The Philippines received bids Tuesday to explore for oil and gas deposits in two South China Sea areas also claimed by China, which already had protested the potential contracts as an infringement on its territorial rights.
The Philippines has dismissed China’s claims, saying the offshore areas lie well within the Philippines’s internationally-recognised 200-nautical-mile exclusive economic zone, where it has sole right to exploit resources under a UN convention.
China is claiming to own waters that lie very near the Philippines, including one area just 79 kilometers (49 miles) northwest of Palawan province, according to Energy Undersecretary Jose Layug Jr.
The two oil exploration areas for which the bids were received are more than 800 kilometers (500 miles) from the nearest Chinese coast, he said.
“We don’t see any problem with what we have done,” Layug told a news conference. “These areas are clearly within the sovereign rights of the Philippines.”
Energy officials would evaluate the bids and award the contracts within 100 days, he said.
The Department of Energy received bids from the Philippine firm Helios Petroleum and Gas Corporation and a consortium of the state-owned Philippine National Oil Company-Exploration Corporation, along with Philex Petroleum and PetroEnergy Resources Corporation, Layug told The Associated Press. A fourth bid also received Tuesday involves an undisputed area.
After the Philippines invited investors to bid for the right to explore in the contested waters, the Chinese Embassy delivered a protest note in July last year.
“The Chinese government urges the Philippine side to immediately withdraw the bidding offer in areas 3 and 4, refrain from any action that infringes on China’s sovereignty and sovereign rights,” China said in a diplomatic note to Manila, adding that the Philippine action “cannot but complicate the disputes and affect stability in the South China Sea.”
The two areas lie near another contested offshore region called the Reed Bank, where two Chinese ships tried to drive away a Philippine oil exploration vessel in March last year. A Filipino general deployed two planes to check the incident but the Chinese ships have left when the aircraft reached the bank. The Philippines protested the incident as one of several intrusions by China into its territorial waters that reignited tensions starting last year.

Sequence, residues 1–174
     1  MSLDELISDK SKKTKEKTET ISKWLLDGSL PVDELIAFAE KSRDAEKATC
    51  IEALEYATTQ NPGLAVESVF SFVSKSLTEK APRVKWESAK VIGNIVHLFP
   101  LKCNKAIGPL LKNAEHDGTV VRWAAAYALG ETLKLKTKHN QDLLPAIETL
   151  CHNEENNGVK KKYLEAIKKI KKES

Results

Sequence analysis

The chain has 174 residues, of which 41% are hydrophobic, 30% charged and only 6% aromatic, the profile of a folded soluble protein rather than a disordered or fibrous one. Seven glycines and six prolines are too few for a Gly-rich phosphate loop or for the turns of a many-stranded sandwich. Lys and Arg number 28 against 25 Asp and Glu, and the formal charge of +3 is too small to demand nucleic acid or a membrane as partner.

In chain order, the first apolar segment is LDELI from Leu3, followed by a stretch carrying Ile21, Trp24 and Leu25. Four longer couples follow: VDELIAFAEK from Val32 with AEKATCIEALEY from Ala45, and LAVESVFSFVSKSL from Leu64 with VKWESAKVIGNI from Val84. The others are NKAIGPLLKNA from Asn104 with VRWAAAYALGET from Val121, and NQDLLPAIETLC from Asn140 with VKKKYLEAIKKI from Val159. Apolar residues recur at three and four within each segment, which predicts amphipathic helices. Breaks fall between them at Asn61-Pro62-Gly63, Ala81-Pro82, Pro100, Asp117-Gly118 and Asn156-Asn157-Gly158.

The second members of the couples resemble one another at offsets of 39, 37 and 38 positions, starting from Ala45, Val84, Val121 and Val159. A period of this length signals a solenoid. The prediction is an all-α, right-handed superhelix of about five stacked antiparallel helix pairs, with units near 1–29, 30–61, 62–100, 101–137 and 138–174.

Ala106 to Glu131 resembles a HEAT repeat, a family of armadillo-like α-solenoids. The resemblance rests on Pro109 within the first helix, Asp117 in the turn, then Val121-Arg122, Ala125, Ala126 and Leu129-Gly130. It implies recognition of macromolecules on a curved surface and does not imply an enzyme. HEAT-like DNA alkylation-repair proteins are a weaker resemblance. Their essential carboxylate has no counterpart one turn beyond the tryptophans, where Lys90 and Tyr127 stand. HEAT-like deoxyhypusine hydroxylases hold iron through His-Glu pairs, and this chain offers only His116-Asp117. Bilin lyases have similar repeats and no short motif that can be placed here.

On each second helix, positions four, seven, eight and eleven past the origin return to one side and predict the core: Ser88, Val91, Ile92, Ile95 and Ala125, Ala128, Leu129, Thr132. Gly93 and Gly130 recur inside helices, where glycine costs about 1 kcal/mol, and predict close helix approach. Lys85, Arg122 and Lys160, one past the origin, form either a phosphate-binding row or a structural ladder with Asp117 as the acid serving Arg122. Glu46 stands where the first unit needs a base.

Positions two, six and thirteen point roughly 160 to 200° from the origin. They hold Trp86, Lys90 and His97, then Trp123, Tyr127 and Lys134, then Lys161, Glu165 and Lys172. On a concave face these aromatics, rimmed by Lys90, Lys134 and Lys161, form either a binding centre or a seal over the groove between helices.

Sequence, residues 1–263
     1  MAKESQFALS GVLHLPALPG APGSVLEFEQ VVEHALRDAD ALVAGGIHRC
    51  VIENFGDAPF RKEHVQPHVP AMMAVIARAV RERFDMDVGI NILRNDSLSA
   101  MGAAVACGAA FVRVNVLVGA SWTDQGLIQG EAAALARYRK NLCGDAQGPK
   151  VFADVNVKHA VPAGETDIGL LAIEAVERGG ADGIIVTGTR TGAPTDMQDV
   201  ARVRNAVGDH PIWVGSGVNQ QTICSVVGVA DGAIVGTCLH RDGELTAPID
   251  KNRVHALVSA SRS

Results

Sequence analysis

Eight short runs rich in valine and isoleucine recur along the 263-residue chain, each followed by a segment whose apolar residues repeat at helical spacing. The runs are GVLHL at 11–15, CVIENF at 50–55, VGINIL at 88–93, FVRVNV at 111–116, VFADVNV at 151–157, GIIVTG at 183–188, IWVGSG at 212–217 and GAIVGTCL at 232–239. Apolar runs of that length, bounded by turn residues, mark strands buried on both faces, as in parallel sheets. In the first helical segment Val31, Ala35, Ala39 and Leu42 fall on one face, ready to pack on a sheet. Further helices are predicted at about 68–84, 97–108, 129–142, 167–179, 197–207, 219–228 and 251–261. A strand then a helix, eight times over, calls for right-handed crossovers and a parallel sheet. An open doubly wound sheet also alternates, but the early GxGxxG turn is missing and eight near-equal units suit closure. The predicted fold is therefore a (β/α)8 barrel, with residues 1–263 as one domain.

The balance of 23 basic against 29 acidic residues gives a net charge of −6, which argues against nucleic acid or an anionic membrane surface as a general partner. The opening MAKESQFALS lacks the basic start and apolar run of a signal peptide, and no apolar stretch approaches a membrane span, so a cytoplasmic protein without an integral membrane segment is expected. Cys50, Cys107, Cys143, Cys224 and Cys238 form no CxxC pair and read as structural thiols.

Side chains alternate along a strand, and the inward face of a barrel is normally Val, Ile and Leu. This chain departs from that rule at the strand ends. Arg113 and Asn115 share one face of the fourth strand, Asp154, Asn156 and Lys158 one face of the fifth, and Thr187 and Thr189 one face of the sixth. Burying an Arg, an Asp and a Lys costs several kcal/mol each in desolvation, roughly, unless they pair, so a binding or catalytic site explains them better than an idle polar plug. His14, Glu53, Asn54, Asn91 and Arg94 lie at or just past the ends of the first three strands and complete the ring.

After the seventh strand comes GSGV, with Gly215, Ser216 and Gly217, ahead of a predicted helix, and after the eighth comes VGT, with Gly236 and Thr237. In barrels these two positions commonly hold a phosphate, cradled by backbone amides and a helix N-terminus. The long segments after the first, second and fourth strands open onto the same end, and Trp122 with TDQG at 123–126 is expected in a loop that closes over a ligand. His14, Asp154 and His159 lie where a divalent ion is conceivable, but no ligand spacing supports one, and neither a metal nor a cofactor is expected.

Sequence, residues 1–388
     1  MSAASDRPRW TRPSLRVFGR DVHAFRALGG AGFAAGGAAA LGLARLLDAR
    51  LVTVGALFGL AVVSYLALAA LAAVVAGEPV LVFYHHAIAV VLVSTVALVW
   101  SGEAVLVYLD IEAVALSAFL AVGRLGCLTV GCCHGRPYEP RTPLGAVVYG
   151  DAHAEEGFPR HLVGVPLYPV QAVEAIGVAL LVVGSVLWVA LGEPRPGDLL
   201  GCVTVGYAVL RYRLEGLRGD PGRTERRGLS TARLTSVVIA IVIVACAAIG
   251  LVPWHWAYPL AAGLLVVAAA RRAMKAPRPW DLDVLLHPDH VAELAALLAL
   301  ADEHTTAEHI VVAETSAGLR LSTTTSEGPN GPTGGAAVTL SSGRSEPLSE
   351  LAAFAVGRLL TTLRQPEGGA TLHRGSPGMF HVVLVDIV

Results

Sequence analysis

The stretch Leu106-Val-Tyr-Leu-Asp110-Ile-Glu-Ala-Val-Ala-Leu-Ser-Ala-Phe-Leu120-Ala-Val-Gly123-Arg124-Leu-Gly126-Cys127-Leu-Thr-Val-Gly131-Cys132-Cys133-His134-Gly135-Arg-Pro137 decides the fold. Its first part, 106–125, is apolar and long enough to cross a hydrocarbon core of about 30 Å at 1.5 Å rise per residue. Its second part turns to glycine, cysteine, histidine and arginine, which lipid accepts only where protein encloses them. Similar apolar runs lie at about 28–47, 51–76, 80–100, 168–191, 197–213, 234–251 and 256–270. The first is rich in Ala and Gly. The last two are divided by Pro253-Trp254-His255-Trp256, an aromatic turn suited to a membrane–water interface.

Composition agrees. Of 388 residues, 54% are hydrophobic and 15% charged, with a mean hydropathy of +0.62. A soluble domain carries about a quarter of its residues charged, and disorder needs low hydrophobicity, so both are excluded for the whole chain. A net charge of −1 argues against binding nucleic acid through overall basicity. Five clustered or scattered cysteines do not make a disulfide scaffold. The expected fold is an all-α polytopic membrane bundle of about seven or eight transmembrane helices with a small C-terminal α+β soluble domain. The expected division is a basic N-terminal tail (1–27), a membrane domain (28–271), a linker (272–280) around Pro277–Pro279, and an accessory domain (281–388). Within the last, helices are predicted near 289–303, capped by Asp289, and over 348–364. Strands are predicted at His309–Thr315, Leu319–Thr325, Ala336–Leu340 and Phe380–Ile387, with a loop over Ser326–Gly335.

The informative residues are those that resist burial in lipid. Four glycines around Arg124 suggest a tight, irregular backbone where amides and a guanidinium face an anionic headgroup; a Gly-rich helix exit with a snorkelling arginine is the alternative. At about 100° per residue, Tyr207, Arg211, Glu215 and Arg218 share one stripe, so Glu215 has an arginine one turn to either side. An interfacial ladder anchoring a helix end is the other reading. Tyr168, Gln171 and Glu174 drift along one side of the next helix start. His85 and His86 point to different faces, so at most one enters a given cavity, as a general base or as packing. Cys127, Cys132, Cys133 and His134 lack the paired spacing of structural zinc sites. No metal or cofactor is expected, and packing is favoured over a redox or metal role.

Beijing has been asserting its territorial claims more aggressively as its economic and diplomatic muscle has grown. It virtually claims the entire South China Sea, including offshores areas believed to be rich in oil and gas deposits and which straddle some of the world’s busiest shipping lanes.
The other claimants include Taiwan, Malaysia, Vietnam and Brunei. Washington has declared the peaceful resolution of the conflicts and freedom of navigation in the contested region to be in its national interest. Many fear Asia’s next major armed conflict could erupt in the disputed waters.
Cambodia and the Philippines, meanwhile, have engaged in a war of words over how the Association of Southeast Asian Nations, currently chaired by Cambodia, should deal with the territorial conflicts. The 10-nation bloc includes four of the Southeast China Sea claimants – Brunei, Malaysia, the Philippines and Vietnam.
The Philippines has accused Cambodia, a close ally of China, of being biased in favour of Beijing.
Cambodian Ambassador Hos Sereythonh said in published remarks Monday that the Philippines and Vietnam “wanted to sabotage and hijack” a recent Asean meeting to push their territorial claims against China.
Philippine diplomats said they summoned the Cambodian envoy Tuesday but he failed to show up.